Screen capture of Wikipedia.

I bumped into “Melvin” yesterday during a post-cat-sitting stopover at our girlfriend’s house. That girlfriend and her new husband are VERY GENEROUSLY letting “Melvin” flop there until he moves abroad. But I wouldn’t be surprised if when the time comes she drives him to the airport to make sure he actually leaves the country.

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“Foolish, Mr. Bond”

He is in Austria with his son, to see the Austrian Grand Prix.

She is with her daughter – recently turned 18 – on a long weekend in Split, Croatia.

Jet setters.

What we all do for friends, eh?:

Same cat. Using the top of the wine cooler, he likes sitting next to you at the kitchen island.
Using the top of the wine cooler, this one likes sitting next to you at the kitchen island.

Someone had to watch their cats, so we’re staying in their house.

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Layover From “Hell”?

When U.S. airspace was temporarily shut beginning on September 11, 2001, quite a few flights were diverted to Canada. Thousands of travelers were stranded for days. On the tenth anniversary of 9/11, the New York Times remembered Gander, Newfoundland’s “plane people”:

They’re called “the plane people” here because on Sept. 11, 2001, some 6,700 passengers on 38 planes descended on this piney little town of about 10,000 people on the northeastern end of Newfoundland….

Of course the suicide hijackings that destroyed much of lower Manhattan and killed 3,000 were wildly outside the norm. We know that. But the “diversion to Newfoundland” thing has happened since the beginnings of the transatlantic “jet age” in the later 1950s.

Nonetheless, the other day CNN (and it seems quite a lot of other media) reported this:

Screen capture of CNN web site.
Screen capture of CNN web site.

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An 18th Birthday Party

Sixteen years ago, in the middle of our wedding vows in a nearly silent church in north London – assisted unwittingly by my Italian-German aunt, who had kept giving her sweets – the 2 year old had loudly demanded of her mother, “Mummy, I need to poo!”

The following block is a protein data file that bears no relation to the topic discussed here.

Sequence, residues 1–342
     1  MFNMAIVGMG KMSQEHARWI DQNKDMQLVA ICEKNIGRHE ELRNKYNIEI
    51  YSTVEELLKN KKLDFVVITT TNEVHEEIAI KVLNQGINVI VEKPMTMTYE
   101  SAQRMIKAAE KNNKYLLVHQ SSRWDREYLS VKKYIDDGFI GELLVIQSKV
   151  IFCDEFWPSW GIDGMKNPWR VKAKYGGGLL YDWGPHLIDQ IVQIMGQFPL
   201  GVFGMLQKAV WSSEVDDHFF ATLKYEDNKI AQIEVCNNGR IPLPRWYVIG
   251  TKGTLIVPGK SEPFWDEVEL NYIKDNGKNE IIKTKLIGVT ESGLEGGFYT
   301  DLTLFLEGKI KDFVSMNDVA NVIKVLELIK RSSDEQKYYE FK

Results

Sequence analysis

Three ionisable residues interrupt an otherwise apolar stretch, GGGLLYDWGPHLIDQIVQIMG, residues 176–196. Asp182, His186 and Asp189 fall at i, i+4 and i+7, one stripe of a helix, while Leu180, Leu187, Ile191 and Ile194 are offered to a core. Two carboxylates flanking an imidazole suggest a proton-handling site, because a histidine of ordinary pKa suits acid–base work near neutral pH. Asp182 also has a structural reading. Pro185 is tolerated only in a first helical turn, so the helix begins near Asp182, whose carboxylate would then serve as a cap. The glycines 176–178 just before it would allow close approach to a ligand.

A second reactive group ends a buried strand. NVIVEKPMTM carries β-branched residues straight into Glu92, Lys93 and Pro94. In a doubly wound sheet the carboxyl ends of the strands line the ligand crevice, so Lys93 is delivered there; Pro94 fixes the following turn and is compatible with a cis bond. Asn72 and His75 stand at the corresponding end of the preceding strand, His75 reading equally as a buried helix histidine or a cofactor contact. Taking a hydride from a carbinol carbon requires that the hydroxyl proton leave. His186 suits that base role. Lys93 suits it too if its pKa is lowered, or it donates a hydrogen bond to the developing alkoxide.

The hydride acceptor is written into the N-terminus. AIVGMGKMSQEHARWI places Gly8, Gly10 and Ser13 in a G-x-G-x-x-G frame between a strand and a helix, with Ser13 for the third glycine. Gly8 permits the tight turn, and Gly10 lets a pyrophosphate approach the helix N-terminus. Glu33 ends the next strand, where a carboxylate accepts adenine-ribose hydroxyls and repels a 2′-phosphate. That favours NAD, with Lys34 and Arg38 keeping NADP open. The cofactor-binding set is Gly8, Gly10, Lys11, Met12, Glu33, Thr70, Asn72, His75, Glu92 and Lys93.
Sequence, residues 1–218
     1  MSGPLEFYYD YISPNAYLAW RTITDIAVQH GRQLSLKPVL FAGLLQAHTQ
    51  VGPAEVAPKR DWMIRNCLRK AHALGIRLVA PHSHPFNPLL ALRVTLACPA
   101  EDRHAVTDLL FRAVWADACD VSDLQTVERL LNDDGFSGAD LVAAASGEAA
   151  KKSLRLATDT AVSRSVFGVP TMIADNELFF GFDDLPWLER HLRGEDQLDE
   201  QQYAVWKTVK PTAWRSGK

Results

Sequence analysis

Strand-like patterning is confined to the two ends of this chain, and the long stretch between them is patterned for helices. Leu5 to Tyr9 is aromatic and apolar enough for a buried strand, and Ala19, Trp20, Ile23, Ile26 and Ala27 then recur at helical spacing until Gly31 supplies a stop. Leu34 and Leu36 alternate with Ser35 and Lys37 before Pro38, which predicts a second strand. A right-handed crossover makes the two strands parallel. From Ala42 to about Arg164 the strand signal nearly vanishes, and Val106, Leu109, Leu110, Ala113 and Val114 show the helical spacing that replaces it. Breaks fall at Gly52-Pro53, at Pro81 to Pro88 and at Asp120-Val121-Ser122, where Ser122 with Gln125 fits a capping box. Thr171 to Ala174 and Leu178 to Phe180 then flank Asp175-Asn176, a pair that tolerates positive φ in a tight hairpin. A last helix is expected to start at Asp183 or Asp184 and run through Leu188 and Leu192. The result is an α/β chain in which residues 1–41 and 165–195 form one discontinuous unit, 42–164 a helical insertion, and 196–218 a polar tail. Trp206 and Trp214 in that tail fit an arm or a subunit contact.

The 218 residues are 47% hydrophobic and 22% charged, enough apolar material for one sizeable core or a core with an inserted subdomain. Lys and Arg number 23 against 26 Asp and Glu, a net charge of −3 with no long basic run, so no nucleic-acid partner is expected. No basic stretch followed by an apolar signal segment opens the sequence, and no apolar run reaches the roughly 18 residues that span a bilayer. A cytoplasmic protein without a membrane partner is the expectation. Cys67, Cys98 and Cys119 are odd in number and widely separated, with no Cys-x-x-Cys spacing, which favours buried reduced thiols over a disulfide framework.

It didn’t make the wedding video, which was her Danish mother’s greatest fear.

That mum has now been a close friend of my wife’s for nearly 20 years; and she has become my friend, too.

And that toddler – whose father is English – who yelled at our wedding about needing to “poo” has just turned 18. Last night her bash was held in a hotel function room in Bristol.

Free Stock Photo: Illustration of a present with happy birthday text.
Free Stock Photo: Illustration of a present with happy birthday text.

She’s now also about 5 ft 10 and (we noticed as we studied her among her friends) resembles Taylor Swift. We hadn’t spotted that previously. And we would never say it to her because we don’t know how that might be received. ;-)

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The Cult Of The Naked Tourist

You may have heard about this band of thoughtful world travelers:

Screen capture yesterday of the BBC web site.
Screen capture yesterday of the BBC web site.

At least for once there wasn’t an American involved. Nor are they facing long prison terms. That BBC article goes on to explain:

They were jailed for three days, but their sentences were back-dated to reflect time already served.

Evidently snapping naked pics at tourist vistas has become “the thing” lately. Because there always has to be something. The respected British travel writer, the Independent’s Simon Calder, has also pointed out: